• Navy Attorney says:

        I said the Limited because they’re cheap, so you don’t mind about the leakage, but not so horribly cheap that it looks terribly cheap.

  11. Won't Admit to anyone in Real Life says:

    We met and married pretty young. I was still as student and he was working full time with a commute and a complete and utter slob (his apartment, shudder) so I fell into the mommy role (pay all bills, all shopping, all housework, all cleaning, all emotional labor (remembering gifts and thank you notes, making appointments), taking out the trash, dishes, everything), he mows and will occasionally fix something if I can’t.

    When I started working full-time I was not super happy about it but I could deal.

    Now he stays at home with the kiddos and all of this is still on my plate. He carries the brunt of the childcare stuff and I need instructions about routines, etc. occasionally but his only household contribution is mowing.

    He’s a great dad, and a loving spouse, but I am swamped and am honestly pretty excited for the kids to hit school age, him getting a job, and then we can start affording to send out laundry and hire a cleaning service at the very least.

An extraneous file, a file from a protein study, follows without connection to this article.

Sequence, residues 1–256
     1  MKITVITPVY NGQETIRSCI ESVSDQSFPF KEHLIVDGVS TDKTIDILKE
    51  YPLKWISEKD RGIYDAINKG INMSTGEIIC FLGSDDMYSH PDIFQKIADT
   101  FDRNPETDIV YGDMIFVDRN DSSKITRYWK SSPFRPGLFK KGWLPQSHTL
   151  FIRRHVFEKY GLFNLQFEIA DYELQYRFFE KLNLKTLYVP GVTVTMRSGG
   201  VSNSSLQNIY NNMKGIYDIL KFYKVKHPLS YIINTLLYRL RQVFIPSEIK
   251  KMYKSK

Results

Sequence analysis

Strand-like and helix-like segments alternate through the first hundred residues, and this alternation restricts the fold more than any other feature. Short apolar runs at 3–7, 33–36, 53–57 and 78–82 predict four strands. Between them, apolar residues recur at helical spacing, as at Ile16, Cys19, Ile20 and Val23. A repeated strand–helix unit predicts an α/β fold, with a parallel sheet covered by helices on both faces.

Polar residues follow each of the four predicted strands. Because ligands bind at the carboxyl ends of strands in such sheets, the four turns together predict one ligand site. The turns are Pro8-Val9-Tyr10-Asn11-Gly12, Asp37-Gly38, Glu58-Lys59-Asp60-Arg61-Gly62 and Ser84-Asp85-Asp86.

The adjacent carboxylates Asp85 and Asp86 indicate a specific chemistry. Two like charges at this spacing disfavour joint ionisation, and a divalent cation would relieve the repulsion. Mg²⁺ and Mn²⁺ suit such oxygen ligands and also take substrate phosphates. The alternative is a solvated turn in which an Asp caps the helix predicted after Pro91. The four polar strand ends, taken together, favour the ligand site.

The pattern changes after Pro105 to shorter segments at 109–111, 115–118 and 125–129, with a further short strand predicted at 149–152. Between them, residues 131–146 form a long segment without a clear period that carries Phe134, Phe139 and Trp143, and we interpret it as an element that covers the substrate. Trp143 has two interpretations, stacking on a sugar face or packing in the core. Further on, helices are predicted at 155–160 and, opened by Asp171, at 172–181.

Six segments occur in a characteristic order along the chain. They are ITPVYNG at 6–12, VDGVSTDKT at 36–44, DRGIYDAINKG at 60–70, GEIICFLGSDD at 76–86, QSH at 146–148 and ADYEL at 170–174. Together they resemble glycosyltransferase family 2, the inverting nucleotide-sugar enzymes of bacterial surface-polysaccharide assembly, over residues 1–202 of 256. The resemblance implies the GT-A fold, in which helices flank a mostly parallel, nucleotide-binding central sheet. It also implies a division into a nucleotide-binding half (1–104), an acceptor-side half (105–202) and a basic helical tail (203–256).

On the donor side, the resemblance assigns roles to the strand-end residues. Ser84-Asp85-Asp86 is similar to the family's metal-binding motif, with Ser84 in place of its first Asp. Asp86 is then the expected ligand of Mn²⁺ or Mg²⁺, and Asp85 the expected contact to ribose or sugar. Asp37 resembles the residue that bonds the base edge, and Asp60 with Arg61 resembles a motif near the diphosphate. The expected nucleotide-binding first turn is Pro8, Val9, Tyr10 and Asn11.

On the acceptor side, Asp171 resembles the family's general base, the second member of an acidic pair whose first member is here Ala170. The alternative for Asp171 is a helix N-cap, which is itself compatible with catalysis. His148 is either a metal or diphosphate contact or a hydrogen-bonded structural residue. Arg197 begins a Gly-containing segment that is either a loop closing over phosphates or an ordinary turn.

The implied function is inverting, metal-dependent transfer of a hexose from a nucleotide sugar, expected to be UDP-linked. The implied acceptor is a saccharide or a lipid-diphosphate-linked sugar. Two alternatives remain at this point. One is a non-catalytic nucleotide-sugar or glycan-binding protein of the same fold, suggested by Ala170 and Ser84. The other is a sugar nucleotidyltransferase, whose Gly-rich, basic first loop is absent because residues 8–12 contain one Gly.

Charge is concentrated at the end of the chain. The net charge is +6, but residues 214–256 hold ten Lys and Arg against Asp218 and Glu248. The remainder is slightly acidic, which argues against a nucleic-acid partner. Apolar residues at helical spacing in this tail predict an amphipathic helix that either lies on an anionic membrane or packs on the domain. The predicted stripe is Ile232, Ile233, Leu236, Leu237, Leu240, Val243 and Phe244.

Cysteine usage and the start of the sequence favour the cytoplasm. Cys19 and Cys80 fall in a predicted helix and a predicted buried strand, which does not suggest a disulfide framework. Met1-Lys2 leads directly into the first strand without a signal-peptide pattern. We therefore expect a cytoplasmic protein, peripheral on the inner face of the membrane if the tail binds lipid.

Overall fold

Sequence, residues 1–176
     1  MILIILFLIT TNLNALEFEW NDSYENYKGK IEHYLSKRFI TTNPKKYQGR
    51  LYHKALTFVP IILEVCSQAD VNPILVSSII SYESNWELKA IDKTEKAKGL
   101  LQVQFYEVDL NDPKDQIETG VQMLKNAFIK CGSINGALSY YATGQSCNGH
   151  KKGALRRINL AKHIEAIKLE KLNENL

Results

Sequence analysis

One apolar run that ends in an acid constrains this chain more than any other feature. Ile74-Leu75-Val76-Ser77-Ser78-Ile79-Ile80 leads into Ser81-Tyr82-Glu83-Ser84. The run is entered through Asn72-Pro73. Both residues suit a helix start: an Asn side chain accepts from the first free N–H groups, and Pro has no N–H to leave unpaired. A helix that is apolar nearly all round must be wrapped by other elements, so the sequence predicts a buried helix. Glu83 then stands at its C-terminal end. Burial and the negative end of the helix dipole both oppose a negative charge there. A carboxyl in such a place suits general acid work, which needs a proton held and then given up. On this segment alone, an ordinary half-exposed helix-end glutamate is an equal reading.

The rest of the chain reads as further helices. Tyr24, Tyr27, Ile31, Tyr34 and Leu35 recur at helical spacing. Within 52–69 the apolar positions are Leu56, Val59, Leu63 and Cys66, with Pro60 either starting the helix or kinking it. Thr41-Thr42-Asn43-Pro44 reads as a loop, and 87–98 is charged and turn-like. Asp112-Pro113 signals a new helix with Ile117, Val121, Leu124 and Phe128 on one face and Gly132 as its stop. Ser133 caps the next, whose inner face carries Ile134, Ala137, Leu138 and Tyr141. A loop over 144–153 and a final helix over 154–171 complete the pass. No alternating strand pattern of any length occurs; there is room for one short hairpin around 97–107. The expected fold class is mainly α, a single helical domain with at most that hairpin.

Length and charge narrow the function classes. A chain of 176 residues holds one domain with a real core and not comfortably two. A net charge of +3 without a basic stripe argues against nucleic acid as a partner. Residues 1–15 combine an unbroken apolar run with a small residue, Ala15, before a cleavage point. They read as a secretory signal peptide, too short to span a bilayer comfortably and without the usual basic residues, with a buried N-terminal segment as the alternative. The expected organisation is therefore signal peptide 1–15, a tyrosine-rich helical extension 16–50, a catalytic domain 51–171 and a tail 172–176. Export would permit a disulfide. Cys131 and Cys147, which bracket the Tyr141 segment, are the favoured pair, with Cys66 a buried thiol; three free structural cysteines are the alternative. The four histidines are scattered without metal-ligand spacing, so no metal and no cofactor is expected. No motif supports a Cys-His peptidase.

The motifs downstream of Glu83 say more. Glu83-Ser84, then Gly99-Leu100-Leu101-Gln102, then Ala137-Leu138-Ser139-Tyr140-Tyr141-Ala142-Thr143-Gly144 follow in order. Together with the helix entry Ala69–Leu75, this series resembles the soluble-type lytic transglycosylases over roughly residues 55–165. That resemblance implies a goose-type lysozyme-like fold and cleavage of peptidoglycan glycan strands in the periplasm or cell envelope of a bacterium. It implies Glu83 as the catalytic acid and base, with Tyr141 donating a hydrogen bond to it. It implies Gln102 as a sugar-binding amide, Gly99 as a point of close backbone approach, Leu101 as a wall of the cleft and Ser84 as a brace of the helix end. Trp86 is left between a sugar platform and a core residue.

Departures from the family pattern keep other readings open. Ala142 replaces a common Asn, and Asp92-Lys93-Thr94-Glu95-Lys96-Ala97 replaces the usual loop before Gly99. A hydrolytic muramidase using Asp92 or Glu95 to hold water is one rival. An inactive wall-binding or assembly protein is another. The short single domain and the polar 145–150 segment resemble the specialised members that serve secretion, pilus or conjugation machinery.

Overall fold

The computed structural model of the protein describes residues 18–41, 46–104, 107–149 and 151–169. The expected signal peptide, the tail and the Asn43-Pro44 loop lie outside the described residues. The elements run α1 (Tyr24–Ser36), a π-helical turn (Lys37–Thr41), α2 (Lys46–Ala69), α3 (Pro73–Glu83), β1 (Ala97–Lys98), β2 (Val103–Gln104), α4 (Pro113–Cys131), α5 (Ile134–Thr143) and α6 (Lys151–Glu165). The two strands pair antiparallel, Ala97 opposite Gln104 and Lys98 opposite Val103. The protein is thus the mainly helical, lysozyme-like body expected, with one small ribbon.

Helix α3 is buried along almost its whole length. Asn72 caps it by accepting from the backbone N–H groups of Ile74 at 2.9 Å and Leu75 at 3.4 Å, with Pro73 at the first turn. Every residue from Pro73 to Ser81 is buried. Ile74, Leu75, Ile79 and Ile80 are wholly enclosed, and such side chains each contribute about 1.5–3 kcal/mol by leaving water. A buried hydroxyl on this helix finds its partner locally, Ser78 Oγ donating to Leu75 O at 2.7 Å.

• Anononope says:

      Oh, hey, similar boats perhaps, as my novel of a post above demonstrates! (But who will do school pick up once kids are that age? Will he be able to get a job that allows for that? …definitely projecting my own worries here.)

      • Won't Admit to anyone in Real Life says:

        I sympathize (and yes, I get annoyed when I come home that not only do I have to do all the housework, I’m picking up the mess they made all day).

        As far as school pick-up, our school system has a pretty good after school care program and I will be able to flex my schedule to come in early and leave early enough to get them. He really is good at the kids (gets them dressed in weather appropriate clothing, feeds them, handles the MDs office on his own like a pro).

        He just really is a not tidy person, I keep having to tell myself he isn’t acting this way at me, but it’s tough when we can’t afford to pay anyone to help pick up the slack…

    • anon for this says: